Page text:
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The Church in Eastern Canada



Basic Geography



















Historical Overview


•Initial contact by Vikings (c. 1100) and John Cabot (1497)

•First permanent settlements by French in 1605 (Port Royal; Acadia) and 1608 (Quebec City; Canada); by English and Basque around 1610 (Newfoundland)

•By 1763 all of eastern Canada was under British rule

•Most of Acadian French were expelled to Louisiana, Caribbean, etc. (Evangeline)

•Colony of New Brunswick created in 1784

•Large-scale Scottish immigration to Cape Breton in early 19th century

•“Dominion of Canada” created July 1, 1867 (without Newfoundland and PEI)

•Flag adopted in 1965

•Constitution was “patriated” from England in 1982

•“Quiet Revolution” in Quebec in 1960s, then separatist movements

•Dominance by Liberal governments and postmodern philosophy since 1960s

Christian Foundations

Martyrdom of French Catholic missionaries to Huron and other tribes

•Establishment of Anglican church under English rule

•Arrival of Scottish (Presbyterian), Irish (Catholic), and Loyalist (Congregational) settlers

•Early Methodist, Baptist, and other Nonconformist traditions

Establishment of the Moravian mission in Labrador (1752-1771)


Leonard Tilley (1818-1896)
"He shall have dominion from sea to sea" Psalm 72:8

•Active in Anglican church from age 21

•Following a domestic murder, he led Temperance Movement in New Brunswick, got into legislature, and passed Prohibition bill

•As premier, participated as a “Father of Confederation”

•Suggested “Dominion of Canada” based on having read Psalm 72 that morning

Sir Wilfred Grenfell (1865-1940)

•Served as medical missionary in Labrador and northern Newfoundland


•William Black (1760-1834): first brought Methodism to Nova Scotia


–Sieur du Monts: Huguenot; founded Port Royal in 1604

–Landing of Hector at Pictou, NS in 1773

Lord’s Day Alliance


United Church

•Merger of most Methodist, Presbyterian, and some other minor groups to form United Church of Canada in 1925

•About 30% of Presbyterian churches refused to join

•Increasingly liberal theology

•In 1997 the Moderator, Right Reverend Bill Phipps stated “"I don't believe Jesus was God", that he didn't consider the resurrection a scientific fact, and that he was agnostic on the question of an afterlife”; also that he didn’t know of anywhere that Jesus claimed to be the only way to God

Roman Catholic

•Roman Catholicism traditionally dominant among French

•Jean de Brébeuf (1593-1649): Jesuit missionary to Huron; martyr; patron saint of Canada

•1991 film Black Robe

•Recollects -> Jesuits -> Sulpicians

•Significantly compromised with liberal theology since 1960s

•“Salvation through the Church has been replaced by salvation through the state.”

Anglicans and Presbyterians

•Anglicans (Church of England) are divided, with conservative renewal in some parishes


•Presbyterians have struggled: Presbyterian Church of Canada is largest group; but other groups have sought to hold more firmly to traditional orthodoxy



•Dominated by Atlantic Baptist Convention

•Others are associated with Quebec Baptists, Southern Baptists, independent Baptists, etc.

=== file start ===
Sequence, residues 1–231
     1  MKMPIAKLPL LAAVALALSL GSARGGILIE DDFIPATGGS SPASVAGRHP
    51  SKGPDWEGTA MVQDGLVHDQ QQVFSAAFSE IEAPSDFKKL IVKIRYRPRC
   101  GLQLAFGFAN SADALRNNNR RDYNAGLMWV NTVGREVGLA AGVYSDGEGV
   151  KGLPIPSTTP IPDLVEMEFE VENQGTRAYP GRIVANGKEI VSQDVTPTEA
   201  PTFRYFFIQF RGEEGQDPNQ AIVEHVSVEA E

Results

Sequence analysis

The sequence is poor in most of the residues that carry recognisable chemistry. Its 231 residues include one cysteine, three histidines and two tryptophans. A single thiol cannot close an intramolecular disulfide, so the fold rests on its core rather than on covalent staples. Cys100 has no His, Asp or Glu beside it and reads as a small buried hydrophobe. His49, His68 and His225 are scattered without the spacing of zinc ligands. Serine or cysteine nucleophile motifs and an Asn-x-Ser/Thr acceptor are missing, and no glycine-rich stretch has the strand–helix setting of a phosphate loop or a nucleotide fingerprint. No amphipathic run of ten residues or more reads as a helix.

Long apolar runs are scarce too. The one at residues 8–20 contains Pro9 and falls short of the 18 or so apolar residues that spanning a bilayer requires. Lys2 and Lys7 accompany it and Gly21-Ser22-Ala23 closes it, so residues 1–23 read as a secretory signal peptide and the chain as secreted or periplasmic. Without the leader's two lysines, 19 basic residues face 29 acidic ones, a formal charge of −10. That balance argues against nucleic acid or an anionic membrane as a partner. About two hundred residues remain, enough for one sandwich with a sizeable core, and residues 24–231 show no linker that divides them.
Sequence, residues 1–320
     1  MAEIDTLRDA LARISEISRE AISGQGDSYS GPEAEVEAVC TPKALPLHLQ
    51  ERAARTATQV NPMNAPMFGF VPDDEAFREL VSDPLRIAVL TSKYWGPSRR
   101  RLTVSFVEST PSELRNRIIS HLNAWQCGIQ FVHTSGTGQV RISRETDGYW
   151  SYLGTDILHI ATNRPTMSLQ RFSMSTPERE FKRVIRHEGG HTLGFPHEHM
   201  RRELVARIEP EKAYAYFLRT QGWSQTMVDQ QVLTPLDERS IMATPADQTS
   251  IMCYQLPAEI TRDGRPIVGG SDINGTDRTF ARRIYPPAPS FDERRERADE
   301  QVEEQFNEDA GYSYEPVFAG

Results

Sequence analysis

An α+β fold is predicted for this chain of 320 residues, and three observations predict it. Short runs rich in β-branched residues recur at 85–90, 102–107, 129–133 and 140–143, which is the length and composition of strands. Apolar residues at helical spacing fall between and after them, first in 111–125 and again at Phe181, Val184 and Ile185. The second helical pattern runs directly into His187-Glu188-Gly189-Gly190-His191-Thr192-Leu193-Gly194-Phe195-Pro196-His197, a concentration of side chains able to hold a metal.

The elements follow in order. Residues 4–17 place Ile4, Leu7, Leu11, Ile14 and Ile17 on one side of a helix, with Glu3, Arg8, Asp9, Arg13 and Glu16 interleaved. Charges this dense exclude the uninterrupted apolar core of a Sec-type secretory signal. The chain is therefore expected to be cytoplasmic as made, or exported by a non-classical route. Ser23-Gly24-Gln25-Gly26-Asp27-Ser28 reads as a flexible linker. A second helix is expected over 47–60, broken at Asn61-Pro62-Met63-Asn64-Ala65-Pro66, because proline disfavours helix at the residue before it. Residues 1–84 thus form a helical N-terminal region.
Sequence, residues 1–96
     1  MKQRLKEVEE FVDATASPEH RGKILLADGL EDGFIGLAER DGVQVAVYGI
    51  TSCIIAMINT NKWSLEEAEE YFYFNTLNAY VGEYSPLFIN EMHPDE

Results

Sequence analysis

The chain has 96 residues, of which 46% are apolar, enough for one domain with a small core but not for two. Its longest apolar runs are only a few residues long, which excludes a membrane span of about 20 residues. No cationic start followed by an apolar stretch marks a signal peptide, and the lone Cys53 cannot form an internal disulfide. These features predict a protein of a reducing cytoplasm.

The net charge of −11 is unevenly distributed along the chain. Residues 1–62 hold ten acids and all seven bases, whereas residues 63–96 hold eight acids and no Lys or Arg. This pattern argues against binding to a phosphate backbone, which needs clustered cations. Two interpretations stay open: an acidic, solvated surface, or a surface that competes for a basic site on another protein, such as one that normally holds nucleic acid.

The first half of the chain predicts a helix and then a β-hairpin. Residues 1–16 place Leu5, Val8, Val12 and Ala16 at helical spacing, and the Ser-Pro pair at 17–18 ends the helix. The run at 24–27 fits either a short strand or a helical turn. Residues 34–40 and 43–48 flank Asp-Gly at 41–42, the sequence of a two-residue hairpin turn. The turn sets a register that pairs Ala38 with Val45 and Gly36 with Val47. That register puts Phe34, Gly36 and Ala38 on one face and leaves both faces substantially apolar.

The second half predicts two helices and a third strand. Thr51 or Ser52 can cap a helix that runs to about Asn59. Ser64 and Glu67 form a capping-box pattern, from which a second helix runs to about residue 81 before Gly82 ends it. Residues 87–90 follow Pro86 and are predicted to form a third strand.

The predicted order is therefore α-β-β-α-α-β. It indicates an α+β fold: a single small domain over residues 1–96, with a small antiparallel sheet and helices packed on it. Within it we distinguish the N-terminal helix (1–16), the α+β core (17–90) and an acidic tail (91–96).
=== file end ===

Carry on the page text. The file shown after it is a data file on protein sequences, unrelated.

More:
•Were largest Protestant group in NS/NB in 1900


•Henry Alline (1748-1784): “New Light Movement” in  Nova Scotia; ideas led to Freewill Baptists

•John James Sidey (1891-1966): Fundamentalist-Modernist controversy; led to weak independent Baptist movement

•Emerging Church influence



•Wesleyan and Church of the Nazarene


–Hold closer to traditional Biblical Methodism

•Pentecostal and Charismatic groups: growing


•Mennonite, Nondenominational, Salvation Army, etc.

The Global/American Context

•Rise of “Social Darwinism” and “Social Gospel” in late 19th century

•“Higher Criticism” in early 20th century, leading to “Fundamentalist” reaction

•Growth in U.S. of “Evangelicalism” in latter half of 20th century. In Canada, declined from 20% to 8% between 1900-1990

•Ecumenical movement, especially among mainline churches

•Ties to “Post-Christian Europe” and New England

Cultural Barriers to Gospel

•Country as a whole has been strongly pushed toward postmodernist philosophy

•Rapid growth in occult and other “alternative” religious experience among youth

•Protestant outreach to French population has generally lagged (0.5% evangelical in Quebec)

•Sporadic outreach to native peoples (“First Nations”): Micmac, Maliseet-Passamaquoddy, and others

•Population remains largely rural

Legal Challenges to Ministry

•Legalization of same-sex marriage

•Decreased freedom of speech, especially on airwaves

•In past, evangelicals were openly persecuted in Quebec

•Border crossing restrictions, etc.

Issues Affecting the Church

•Dead formalism

•Interpretation and authority of Bible

•Postmodernist thought

•“Emerging Church” movement

•Moral issues: homosexuality, etc.

•Decline of marriage; alcohol/drug abuse; welfare mentality

•Failure of leaders and seminaries

•Needs for ethnic reconciliation

•Power of Freemasonry, labor unions, etc.

Focus on Acadian Coast

•Coast of Gulf of St. Lawrence in Nova Scotia and New Brunswick

•Approximately 700 miles of coastline

•Population: 200,000

•Includes heart of Acadian and Scottish settlement/heritage

•Most churches in decline

•How to reach for Christ? PrayerPaddle?